FSANZ must distance itself from personal attacks including criticisms made by its own scientists and instead follow up peer reviewed research showing serious harm in animals fed GE corn (NK603) resistant to RoundUp.
A study published last week by Seralini et al, is the first study in 17 years to look at the lifetime consumption of RoundUp Ready (RR) GE maize in 200 rats (100 of each sex). The paper has been peer reviewed and published by a reputable Journal .
Yet the authors and their findings have been vilified by other scientists, including by FSANZ's scientific advisors, instead of the report being seen for what it is: Dangers from GE foods leading to an urgent signal of the need for further long-term feeding studies.
One of the attacking comments came from the Food Standards scientist Professor Brian Priestly , Director of the Australian Centre for Human Health Risk Assessment at Monash University. He is on the board of the Gene Technology Technical Advisory Committee which assists the assessment of GE food applications for the trans-Tasman Food Standards Australia New Zealand Authority (FSANZ). He considered that the statistical assessments were “inconsistent” and questioned whether the findings were actually real as the statistical technique was “unusual”.
But such comments and ad-hominem attacks are no replacement for follow-up research. FSANZ must distance itself from personal attacks on scientists, and recall all the implicated maize then undertake follow-up research immediately, to see if the findings of harm and tumour growth are replicated.
"The findings have serious implications that must be followed up. There is evidence of significant risk for consumers, especially children and people with reduced immunity, that can no longer be ignored by FSANZ,” said Jon Carapiet, spokesman for GE-Free NZ in food and environment).
FSANZ can no longer dodge the clear scientific evidence that their regulatory approach is fundamentally flawed, and not fit for purpose.
“If the studies had found no problem with this food, I wonder if the dissenting scientists would be heralding these results as the best and most robust ever completed?” said Claire Bleakley, president of GE-Free NZ.
Since 2000 there have been over 60 GE applications  with only industry-funded animal feeding studies presented to FSANZ by the GE applicants. They range from 90 days to 24 hours on as few as 5 rats of each sex, with no histological or blood parameters evaluated.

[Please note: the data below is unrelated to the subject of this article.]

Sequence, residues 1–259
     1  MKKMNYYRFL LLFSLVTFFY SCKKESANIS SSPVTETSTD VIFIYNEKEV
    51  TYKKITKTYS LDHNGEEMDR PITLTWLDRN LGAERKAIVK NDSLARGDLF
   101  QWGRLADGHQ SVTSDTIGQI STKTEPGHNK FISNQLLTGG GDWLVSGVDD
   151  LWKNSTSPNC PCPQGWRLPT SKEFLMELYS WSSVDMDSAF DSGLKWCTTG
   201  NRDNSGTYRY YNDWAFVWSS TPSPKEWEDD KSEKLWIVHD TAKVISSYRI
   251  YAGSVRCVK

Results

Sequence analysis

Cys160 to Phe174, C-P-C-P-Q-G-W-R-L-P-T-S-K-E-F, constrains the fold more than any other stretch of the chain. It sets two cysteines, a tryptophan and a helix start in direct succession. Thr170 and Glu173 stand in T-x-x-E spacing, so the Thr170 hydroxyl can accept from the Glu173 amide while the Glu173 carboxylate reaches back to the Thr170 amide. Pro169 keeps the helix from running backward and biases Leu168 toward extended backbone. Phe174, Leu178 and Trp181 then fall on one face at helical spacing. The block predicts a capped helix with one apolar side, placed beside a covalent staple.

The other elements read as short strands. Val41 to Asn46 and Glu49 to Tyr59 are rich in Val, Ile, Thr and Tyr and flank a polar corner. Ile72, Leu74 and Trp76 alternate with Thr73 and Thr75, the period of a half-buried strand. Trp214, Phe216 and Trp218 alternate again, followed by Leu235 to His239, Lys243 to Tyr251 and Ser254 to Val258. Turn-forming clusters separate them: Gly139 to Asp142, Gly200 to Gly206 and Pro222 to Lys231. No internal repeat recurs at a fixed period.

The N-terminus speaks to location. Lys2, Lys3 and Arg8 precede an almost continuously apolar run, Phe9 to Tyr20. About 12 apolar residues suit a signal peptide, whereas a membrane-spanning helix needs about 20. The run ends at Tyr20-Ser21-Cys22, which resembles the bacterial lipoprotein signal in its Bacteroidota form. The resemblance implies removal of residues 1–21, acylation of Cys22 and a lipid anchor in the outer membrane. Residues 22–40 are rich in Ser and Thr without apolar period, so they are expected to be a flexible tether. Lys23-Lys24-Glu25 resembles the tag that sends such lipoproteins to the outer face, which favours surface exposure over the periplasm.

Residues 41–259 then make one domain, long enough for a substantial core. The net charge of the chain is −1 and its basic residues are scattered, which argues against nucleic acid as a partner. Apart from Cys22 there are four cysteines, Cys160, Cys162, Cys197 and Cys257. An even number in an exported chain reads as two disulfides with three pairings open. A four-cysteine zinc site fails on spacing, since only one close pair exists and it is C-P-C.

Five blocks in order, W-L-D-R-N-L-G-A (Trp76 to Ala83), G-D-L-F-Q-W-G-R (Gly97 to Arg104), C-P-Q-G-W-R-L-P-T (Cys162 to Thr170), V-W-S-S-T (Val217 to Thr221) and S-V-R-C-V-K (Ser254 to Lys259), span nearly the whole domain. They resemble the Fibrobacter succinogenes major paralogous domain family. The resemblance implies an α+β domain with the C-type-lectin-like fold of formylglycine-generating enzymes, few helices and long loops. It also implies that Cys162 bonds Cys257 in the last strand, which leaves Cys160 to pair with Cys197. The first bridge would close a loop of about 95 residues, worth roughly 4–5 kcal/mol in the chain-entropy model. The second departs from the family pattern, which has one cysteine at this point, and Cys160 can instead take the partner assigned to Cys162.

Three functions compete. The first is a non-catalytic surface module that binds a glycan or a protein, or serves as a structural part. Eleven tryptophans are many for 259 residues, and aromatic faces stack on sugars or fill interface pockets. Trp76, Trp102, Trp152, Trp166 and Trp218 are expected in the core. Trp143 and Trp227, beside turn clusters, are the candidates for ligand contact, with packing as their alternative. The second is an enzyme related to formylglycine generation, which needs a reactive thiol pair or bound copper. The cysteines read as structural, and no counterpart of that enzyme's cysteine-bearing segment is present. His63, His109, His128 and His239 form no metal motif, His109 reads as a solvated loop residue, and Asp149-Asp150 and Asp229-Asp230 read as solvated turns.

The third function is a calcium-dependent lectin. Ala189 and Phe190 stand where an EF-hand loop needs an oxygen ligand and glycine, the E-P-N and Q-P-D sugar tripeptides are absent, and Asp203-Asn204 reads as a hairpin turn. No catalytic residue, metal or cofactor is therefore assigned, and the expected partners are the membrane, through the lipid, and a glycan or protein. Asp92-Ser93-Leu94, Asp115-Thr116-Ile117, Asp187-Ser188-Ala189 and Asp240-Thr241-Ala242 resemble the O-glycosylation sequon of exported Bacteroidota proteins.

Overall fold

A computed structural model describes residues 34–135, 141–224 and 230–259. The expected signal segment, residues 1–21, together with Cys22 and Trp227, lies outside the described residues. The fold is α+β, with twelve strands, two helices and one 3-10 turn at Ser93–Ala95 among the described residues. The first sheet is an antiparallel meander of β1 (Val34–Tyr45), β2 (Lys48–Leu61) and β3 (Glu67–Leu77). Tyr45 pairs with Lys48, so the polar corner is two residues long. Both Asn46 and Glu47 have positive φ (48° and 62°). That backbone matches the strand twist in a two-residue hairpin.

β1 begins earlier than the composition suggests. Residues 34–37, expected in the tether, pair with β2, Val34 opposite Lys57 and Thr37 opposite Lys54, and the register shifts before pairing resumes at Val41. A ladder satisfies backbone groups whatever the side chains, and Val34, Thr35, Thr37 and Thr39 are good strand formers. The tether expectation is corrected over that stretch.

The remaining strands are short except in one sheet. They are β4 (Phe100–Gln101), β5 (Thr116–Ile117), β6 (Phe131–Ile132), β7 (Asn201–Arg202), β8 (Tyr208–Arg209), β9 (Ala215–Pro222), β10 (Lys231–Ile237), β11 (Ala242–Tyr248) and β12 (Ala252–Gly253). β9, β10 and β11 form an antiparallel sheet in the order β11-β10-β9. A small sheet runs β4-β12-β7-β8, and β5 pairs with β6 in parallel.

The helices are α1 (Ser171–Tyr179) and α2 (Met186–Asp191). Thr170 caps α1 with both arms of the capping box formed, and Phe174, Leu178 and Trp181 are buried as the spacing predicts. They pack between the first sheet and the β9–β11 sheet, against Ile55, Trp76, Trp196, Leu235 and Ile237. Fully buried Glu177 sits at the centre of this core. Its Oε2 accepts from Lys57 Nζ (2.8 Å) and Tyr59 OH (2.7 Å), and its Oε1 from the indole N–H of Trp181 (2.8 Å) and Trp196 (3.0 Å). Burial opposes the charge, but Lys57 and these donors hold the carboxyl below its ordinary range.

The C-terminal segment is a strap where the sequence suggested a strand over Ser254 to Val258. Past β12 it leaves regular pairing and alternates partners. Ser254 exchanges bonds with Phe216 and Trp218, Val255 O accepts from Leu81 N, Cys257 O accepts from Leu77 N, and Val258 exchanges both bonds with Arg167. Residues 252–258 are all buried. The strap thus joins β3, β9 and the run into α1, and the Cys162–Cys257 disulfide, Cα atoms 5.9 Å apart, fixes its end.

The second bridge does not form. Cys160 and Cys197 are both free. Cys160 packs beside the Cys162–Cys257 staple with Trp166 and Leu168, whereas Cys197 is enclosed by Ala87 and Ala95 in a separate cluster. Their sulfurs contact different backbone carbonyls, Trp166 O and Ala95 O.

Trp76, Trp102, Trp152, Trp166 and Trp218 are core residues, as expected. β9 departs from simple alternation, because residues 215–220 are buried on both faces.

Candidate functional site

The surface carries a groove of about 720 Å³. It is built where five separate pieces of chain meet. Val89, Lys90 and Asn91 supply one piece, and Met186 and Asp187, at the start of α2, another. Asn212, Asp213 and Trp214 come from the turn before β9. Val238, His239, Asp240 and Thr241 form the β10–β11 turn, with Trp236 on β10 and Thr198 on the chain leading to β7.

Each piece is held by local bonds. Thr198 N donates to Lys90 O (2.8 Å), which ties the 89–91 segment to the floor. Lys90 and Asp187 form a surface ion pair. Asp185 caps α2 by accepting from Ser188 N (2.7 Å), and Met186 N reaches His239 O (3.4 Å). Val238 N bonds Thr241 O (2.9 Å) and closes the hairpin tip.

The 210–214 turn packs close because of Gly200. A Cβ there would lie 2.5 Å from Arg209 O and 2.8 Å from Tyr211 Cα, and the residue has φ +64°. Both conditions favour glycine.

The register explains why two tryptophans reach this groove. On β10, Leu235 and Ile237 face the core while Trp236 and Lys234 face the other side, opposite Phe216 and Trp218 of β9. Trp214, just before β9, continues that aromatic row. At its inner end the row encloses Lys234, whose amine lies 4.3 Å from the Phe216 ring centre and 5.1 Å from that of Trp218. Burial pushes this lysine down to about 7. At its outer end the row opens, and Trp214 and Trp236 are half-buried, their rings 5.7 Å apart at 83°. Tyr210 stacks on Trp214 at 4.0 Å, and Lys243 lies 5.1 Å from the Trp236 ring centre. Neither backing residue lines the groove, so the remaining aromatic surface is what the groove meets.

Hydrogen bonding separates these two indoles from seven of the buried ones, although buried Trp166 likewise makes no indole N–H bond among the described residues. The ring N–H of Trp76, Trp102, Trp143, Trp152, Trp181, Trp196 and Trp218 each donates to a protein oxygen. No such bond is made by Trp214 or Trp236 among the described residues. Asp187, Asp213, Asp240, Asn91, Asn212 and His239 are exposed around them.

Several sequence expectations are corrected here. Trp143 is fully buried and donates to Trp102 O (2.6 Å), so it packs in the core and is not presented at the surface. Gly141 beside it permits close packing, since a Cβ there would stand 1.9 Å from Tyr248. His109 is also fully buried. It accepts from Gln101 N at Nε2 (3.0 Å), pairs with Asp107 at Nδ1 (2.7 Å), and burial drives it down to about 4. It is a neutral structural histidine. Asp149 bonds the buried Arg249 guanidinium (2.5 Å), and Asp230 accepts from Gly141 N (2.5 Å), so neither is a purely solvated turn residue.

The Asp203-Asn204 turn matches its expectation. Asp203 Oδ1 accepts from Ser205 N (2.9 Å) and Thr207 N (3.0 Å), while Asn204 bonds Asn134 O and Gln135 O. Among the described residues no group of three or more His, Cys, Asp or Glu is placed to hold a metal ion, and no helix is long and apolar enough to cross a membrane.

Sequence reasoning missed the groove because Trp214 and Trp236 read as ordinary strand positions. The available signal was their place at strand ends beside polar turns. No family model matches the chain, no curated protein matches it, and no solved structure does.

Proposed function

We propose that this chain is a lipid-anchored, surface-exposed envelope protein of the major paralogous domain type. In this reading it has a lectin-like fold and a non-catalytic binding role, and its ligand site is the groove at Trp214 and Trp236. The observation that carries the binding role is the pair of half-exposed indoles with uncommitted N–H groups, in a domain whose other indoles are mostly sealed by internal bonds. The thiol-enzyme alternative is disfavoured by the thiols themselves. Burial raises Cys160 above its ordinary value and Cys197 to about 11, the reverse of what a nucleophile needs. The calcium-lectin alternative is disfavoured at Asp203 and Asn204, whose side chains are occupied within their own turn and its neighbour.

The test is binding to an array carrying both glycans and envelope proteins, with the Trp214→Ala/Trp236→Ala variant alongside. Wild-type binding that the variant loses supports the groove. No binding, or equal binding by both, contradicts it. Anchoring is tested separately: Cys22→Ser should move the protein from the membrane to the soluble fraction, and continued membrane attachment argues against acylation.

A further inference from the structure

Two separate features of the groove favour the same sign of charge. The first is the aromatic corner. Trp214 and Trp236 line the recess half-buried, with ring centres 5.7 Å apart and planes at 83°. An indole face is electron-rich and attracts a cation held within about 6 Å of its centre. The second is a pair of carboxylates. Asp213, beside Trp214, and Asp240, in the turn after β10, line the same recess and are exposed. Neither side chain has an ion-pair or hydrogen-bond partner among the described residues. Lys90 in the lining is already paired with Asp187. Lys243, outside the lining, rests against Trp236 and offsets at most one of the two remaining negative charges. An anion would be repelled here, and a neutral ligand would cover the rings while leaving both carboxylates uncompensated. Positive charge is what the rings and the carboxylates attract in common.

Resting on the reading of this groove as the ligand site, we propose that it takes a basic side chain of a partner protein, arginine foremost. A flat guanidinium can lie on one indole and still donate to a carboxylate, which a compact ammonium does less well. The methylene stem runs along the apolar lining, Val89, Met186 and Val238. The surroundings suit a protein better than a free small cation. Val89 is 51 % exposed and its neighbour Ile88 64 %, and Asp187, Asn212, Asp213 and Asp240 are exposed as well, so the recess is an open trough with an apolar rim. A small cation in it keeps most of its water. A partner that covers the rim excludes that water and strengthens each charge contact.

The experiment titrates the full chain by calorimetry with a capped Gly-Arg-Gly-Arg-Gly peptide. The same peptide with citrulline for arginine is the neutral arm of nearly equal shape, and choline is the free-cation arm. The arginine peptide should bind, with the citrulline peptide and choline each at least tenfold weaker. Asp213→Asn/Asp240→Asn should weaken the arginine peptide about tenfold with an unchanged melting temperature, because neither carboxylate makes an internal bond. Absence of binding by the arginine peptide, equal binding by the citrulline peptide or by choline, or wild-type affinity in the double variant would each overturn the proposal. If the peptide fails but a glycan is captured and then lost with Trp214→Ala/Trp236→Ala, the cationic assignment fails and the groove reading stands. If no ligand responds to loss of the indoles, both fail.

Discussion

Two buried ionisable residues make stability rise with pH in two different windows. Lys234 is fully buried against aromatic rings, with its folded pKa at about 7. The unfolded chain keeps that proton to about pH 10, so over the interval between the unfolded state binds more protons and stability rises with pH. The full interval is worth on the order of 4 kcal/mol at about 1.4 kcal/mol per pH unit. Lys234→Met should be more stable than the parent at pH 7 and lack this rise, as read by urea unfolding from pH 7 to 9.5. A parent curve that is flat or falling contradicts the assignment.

Even these limited studies have shown adverse effects on organs, immune and reproductive systems with some leading to unexplained deaths of the animals.
Particularly alarming is the fact that last GE food applications approved by FSANZ were 2,4-D (A1046, A1042) with no feeding studies conducted at all. This is being followed by an application for maize and soy resistant to both 2,4-D and Glyphosate open for submissions this October.
"The same scientists have recommended that FSANZ went ahead and approved the GE Corn and Soy," said Claire Bleakley.
“FSANZ disregarded and dismissed all public concerns about the absence of feeding data, and accepted the applicant's assurances that the food was safe. Why did they not question the lack of any data when they are so ready to vilify peer reviewed published findings?”
FSANZ assessors have shown that they are highly conflicted. Their subjective opinions not objectivity, drive their approach to science and they are not open to considering the dangers of GE foods. As FSANZ is a trans -Tasman body, New Zealanders have no way of challenging the approval decisions and have no jurisdiction in Australian courts.
The Board of FSANZ should resign in light of their repeated failure to consider public health that might arise from the results of Seralini's long-term scientific feeding studies, dramatically improve their regulation and immediately recall all GE RoundUp Ready resistant foods.
 Seralini. G-E., Clair. E., Mesnage. R., Gress. S., Defarge. N., Malatesta. M,. Hennequin. D. and de Vendomois. JS. (2012) Long term toxicity of a Roundup herbicide and a Roundup-tolerant genetically modified maize. Food and Chemical Toxicity (in press) http://dx.doi.org/10.1016/j.fct.2012.08.005
 Study on cancer and GM maize – experts respond, Science Media Centre, http://www.sciencemediacentre.co.nz/2012/09/20/study-on-cancer-and-gm-maize-experts-respond/?utm_source=HEADS-UP+21-27+SEP++2012&utm_campaign=SMC+Heads-Up&utm_medium=email
 Food Standards applications and current status http://www.foodstandards.gov.au/consumerinformation/gmfoods/gmcurrentapplication1030.cfm